Patient-centric networks at the heart of pharmaceutical supply chain management: Lessons from LogiPharma Europe 2018

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In early April I attended the LogiPharma Europe 2018 conference in Montreux, Switzerland, an event that attracted more than 800 attendees, including practitioners and executives from pharma and medical device industries, along with software vendors and many service providers. Here are some key takeaways from a content-rich, fun and exciting pharma supply chain conference.

1. Patient-centric networks are reshaping pharma supply chains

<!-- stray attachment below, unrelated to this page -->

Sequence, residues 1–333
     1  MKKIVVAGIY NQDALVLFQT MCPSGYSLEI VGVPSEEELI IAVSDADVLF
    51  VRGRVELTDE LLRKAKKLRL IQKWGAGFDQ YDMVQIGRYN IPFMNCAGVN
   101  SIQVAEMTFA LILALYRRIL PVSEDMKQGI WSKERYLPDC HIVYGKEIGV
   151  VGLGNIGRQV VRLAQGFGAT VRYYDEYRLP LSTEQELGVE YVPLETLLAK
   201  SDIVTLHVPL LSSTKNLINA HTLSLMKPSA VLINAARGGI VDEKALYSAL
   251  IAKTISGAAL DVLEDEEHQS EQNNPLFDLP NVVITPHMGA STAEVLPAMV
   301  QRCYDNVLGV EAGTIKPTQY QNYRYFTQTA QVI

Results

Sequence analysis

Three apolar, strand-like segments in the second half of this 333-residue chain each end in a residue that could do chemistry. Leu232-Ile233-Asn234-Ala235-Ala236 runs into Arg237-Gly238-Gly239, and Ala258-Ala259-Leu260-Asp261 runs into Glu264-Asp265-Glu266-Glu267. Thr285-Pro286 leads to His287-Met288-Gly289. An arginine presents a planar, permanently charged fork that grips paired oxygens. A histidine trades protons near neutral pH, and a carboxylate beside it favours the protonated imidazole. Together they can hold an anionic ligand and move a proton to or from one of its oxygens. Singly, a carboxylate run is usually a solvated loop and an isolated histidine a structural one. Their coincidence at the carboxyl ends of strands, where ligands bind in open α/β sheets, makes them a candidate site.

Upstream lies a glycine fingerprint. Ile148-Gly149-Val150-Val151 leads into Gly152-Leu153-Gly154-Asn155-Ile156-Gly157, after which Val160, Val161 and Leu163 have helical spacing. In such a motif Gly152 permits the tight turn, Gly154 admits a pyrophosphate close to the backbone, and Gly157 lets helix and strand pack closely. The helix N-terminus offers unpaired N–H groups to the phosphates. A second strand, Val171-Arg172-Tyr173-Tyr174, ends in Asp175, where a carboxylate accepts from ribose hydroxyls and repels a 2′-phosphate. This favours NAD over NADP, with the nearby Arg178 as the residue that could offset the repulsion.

In a thought provoking presentation, Philippe Francois, global head of supply chain for Novartis, observed that while pharma companies have been talking about patient centricity for years, a typical pharma supply chain links the Active Pharma Ingredient (API) to manufacturing, distribution, retail/pharmacy, and finally to patient—with the patient always at the end of the chain! Francois talked about how cell and gene therapies are personalizing medicine, putting individual patients at the center of the supply network. Francois discussed the specific example of CAR-T cell therapy for certain types of cancers wherein immune cells harvested from a patient are reengineered at a production facility, and are then reinjected into the patient so the reprogrammed cells fight cancer. In this instance, the supply chain begins and ends with a specific patient, providing an extreme example of personalized medicine. Given that the cells involved are living, they have very short lifespans and must be shipped in tightly managed, cryogenic conditions in a timely manner. From the moment the cells are harvested, downstream visibility is extremely important with no margin of error. Interestingly, just a day before the LogiPharma conference, Novartis announced the acquisition of AveXis, a gene therapy company for US$8.7B. While this announcement brings some very exciting opportunities for Novartis, it ups the ante in terms of the required supply chain competence. Francois said such advances in personalized medicine are forcing pharma companies to think differently. Also, reimbursements in such treatments are linked to outcomes, truly placing the patient at the center.